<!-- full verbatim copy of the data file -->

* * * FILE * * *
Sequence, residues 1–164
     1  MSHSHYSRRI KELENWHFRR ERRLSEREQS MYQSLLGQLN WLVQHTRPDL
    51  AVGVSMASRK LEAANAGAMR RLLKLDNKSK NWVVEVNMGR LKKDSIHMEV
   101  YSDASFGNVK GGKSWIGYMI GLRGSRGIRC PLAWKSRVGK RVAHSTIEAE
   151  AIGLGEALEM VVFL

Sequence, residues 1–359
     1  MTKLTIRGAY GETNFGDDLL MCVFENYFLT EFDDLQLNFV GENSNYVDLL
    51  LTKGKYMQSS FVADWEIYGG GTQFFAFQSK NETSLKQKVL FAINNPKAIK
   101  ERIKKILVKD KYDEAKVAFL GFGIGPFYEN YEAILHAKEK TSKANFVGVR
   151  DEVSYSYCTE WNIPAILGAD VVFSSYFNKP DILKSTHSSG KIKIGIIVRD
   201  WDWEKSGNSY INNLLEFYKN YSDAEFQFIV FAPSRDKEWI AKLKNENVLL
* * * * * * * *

Sequence, residues 1–164
     1  MSHSHYSRRI KELENWHFRR ERRLSEREQS MYQSLLGQLN WLVQHTRPDL
    51  AVGVSMASRK LEAANAGAMR RLLKLDNKSK NWVVEVNMGR LKKDSIHMEV
   101  YSDASFGNVK GGKSWIGYMI GLRGSRGIRC PLAWKSRVGK RVAHSTIEAE
   151  AIGLGEALEM VVFL

Sequence, residues 1–359
     1  MTKLTIRGAY GETNFGDDLL MCVFENYFLT EFDDLQLNFV GENSNYVDLL
    51  LTKGKYMQSS FVADWEIYGG GTQFFAFQSK NETSLKQKVL FAINNPKAIK
   101  ERIKKILVKD KYDEAKVAFL GFGIGPFYEN YEAILHAKEK TSKANFVGVR
   151  DEVSYSYCTE WNIPAILGAD VVFSSYFNKP DILKSTHSSG KIKIGIIVRD
   201  WDWEKSGNSY INNLLEFYKN YSDAEFQFIV FAPSRDKEWI AKLKNENVLL